One of my favorite aspects of Cloverfield was that they didn’t give a lot away in the previews, so I’m going to try and review it without giving a lot away as well, because I think that you should go see it with as little information about it as possible.
Thus, a brief synopsis:
(Warning: Though I’m trying not to, this may contain some small spoilers, so if you want to go in with a pure mind, I suggest you read this after you see the film.)
- Like I said, I knew little to nothing about this film going in, because they decided to go with vague trailers as opposed to the current trend of using the trailer as a mini-version of the movie.
- The ‘Blaire Witch’ style camera work added to the sense of realism, and kept you on edge the whole time.
- The pace and tone of the film was so good that for an entire hour and a half, no one in my theater spoke a word. No one. I can’t remember the last time that happened.
- The monster had a bit of a scale issue. One minute it’s tearing down building; the next it’s going after individual people. Perhaps it just changed tastes half way through, but it seems like it couldn’t pick a size.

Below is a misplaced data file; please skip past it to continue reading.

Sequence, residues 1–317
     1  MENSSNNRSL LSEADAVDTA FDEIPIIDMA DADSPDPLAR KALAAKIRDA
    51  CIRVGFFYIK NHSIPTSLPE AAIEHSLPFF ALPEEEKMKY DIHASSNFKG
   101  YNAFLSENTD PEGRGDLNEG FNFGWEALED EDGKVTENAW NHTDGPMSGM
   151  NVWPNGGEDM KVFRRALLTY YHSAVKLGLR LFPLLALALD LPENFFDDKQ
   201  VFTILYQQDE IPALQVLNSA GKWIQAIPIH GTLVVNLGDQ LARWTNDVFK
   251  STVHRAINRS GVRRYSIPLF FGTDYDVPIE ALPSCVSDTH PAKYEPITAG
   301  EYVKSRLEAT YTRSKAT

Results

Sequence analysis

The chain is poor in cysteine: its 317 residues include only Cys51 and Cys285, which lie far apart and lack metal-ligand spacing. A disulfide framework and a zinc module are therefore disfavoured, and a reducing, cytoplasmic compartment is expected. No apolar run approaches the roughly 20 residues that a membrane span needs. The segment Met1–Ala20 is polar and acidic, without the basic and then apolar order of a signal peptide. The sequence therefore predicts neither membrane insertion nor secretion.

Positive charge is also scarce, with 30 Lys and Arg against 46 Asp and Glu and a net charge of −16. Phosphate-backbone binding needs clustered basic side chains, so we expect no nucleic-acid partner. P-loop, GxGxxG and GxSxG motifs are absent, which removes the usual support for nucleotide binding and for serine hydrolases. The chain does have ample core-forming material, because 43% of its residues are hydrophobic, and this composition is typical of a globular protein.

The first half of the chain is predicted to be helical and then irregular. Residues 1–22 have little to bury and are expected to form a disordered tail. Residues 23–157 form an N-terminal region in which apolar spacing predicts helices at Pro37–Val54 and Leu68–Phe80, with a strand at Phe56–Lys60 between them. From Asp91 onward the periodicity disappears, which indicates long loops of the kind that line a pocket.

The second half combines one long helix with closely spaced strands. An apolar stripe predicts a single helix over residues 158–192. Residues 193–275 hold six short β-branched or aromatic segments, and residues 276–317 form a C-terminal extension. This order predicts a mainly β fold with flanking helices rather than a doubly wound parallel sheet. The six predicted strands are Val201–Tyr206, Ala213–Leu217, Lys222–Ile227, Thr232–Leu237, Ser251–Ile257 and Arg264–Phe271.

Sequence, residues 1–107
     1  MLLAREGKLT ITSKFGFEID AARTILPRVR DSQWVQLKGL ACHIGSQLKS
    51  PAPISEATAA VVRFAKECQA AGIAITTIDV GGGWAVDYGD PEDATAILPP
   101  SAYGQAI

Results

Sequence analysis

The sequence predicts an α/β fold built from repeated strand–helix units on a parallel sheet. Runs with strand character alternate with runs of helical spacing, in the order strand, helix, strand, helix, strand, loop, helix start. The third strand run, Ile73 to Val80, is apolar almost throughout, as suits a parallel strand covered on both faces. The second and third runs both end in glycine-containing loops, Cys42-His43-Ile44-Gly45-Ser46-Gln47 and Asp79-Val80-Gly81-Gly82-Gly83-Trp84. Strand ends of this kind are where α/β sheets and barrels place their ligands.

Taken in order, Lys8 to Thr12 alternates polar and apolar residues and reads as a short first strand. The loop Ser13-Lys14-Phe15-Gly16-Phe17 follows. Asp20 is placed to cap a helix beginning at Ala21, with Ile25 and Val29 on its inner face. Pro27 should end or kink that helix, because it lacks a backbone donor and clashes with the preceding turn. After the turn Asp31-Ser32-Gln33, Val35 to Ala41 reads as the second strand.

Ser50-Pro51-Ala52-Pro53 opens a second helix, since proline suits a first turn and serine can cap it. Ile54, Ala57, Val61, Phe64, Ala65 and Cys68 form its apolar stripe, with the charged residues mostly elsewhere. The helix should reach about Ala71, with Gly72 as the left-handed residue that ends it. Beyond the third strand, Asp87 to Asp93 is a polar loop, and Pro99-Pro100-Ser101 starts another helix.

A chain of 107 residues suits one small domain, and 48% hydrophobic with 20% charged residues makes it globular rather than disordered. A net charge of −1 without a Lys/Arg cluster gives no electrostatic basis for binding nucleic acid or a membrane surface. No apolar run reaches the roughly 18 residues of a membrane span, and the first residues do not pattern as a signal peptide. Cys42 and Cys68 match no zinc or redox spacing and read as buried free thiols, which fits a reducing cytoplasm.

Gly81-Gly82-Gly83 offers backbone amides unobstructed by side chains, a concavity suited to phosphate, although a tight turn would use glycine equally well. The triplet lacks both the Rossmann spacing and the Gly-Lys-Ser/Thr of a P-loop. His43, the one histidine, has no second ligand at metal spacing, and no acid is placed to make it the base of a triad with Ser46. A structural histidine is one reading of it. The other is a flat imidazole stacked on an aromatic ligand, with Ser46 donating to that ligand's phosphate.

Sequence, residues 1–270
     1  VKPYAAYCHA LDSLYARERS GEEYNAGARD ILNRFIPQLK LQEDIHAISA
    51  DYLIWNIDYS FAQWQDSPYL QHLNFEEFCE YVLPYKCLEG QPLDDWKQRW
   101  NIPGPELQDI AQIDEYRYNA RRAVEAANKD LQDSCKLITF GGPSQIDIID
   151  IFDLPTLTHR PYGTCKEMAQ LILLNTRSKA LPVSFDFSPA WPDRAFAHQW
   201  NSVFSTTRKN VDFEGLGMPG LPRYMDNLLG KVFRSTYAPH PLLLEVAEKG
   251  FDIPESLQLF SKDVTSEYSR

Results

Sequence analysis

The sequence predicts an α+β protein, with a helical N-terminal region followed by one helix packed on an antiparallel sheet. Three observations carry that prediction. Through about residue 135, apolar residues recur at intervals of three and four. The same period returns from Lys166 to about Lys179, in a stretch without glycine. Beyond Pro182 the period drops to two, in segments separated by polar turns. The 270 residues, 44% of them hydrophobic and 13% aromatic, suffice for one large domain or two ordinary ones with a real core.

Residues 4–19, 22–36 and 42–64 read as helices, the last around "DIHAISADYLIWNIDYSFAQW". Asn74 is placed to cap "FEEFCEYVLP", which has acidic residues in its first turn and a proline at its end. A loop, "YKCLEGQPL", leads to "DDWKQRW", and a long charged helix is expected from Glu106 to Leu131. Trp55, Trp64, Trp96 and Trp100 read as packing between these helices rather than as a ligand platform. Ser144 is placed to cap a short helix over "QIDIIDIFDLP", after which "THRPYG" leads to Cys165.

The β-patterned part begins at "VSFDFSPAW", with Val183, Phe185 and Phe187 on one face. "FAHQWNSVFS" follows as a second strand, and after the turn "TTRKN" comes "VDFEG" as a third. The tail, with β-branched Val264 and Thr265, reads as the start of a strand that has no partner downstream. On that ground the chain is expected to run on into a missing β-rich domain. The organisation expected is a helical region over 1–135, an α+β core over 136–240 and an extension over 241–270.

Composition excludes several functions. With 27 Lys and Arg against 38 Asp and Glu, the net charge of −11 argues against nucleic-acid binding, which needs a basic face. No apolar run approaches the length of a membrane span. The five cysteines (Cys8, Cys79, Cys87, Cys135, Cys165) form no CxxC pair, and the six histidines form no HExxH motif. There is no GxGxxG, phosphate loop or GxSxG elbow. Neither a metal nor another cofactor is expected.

- They don’t explain much. Where did the monster come from? Why is it unaffected by our counter-monster measures? Why is the film named Cloverfield?
All in all, I’d say it was about as good as a monster movie can get. They kept you on the edge of your seat the whole time, they kept things somewhat believable, and they didn’t oversell any of it. While I don’t think that this was the ‘Movie of the Year’ by any means (and I’ve already basically give that nomination to Juno), it was a very entertaining film, and I definitely suggest going to see it.
Theater Worthy: Yes
Note: For a great article on how Cloverfield advertised without advertising, check out MTV’s coverage of the Cloverfield viral-marketing campaign.